And yeah, the state does keep shoving more testing at me. Can I tell you a secret though? I don’t give a damn. Really, I don’t. I respect the tests sure. I REALLY want my students to do well, not because I’m afraid of repercussions but because I think the tests are at least AN indicator of student achievement. They’re far too flawed however for me to put too much stock in them. I respect the authority of state tests because they’re unfortunately how other, less-informed citizens judge me, my colleagues and our students. For that reason, I strive to be successful at them – but not at the expense of doing what I know is right for my students. Some teachers in some states are far more afraid of them – perhaps rightfully so – but me? Not so much. I know if I do right by my students and prepare them for lives ahead, they’ll do well enough on the tests and be better off for it in the long run.
Is Common Core the cure for what ails us? I really doubt it. Is it ruining my life and proving to be the cruel instrument of destruction that some are claiming. No. I spent a few weeks this summer sorting it out. You know, when I was allegedly on “vacation”.
Yes, teaching is an EXTRAORDINARILY difficult profession. But it’s not for any of these reasons.
The truth is, good teachers will automatically place more pressure on themselves than any state test ever could. We put our hearts and souls into the success of our students and when we can’t get through them, it breaks our hearts. We know how much they depend on us to challenge them, to provide structure for them, to show we care for them and to inspire them. Our students NEED us because we exist in a world between their parents whom they hide things from and their friends who know all too much. They’re stuck in a spiral of trying to fit in while trying to be themselves, even if they don’t who that is yet. They see us watching, and they reach out for our help.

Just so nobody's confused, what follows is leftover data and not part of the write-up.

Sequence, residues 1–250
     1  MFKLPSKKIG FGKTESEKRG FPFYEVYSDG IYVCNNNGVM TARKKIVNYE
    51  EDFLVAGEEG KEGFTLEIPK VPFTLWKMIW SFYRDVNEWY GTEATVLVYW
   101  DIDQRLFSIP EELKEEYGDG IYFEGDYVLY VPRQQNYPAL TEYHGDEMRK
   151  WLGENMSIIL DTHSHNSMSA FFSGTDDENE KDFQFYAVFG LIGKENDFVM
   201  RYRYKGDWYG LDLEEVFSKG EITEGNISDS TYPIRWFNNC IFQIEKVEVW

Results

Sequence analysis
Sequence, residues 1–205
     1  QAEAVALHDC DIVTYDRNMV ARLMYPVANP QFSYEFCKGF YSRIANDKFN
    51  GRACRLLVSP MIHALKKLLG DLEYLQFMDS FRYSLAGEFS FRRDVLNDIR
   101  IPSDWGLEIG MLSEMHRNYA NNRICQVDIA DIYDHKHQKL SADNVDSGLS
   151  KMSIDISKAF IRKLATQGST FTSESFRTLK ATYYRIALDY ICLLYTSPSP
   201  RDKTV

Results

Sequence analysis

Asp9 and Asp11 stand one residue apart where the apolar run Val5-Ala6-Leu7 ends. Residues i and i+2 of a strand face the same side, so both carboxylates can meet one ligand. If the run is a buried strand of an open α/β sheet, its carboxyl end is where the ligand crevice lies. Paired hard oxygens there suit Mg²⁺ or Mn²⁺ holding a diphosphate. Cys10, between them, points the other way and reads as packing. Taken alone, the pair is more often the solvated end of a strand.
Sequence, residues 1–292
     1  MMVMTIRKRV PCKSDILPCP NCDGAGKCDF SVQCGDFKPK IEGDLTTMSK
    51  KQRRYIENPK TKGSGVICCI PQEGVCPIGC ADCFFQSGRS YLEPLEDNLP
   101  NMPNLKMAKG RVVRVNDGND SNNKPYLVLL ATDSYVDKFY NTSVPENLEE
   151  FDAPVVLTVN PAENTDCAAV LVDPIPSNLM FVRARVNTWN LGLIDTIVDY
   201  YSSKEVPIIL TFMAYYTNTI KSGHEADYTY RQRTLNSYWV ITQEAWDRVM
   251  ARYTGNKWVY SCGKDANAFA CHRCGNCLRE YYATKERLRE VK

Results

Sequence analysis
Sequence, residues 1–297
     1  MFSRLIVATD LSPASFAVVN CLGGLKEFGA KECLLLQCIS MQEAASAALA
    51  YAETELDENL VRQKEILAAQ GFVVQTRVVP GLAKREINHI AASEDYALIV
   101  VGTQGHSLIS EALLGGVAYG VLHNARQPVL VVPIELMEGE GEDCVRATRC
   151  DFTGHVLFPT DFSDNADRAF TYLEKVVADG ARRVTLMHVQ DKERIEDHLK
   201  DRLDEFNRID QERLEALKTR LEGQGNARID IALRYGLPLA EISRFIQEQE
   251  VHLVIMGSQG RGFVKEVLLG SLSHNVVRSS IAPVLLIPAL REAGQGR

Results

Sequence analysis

Some are so gifted, they’re bored. They need us to provide direction and affirmation. Some are so broken, they just need us to can the curriculum and love them – tell them that it really does get better and show them the tools to make it happen.
It takes an extraordinary amount of emotional energy to try and make Math relevant for a kid who constantly shows up with mysterious bruises. It’s damn near impossible to motivate a student whose family celebrates their graduation from rehab by lighting a joint. Its heart wrenching when a teenager sobs and pours their heart out with stories of awful bullying by peers (and other teachers!) because they had the courage to admit to being gay….and couldn’t bare telling their parents.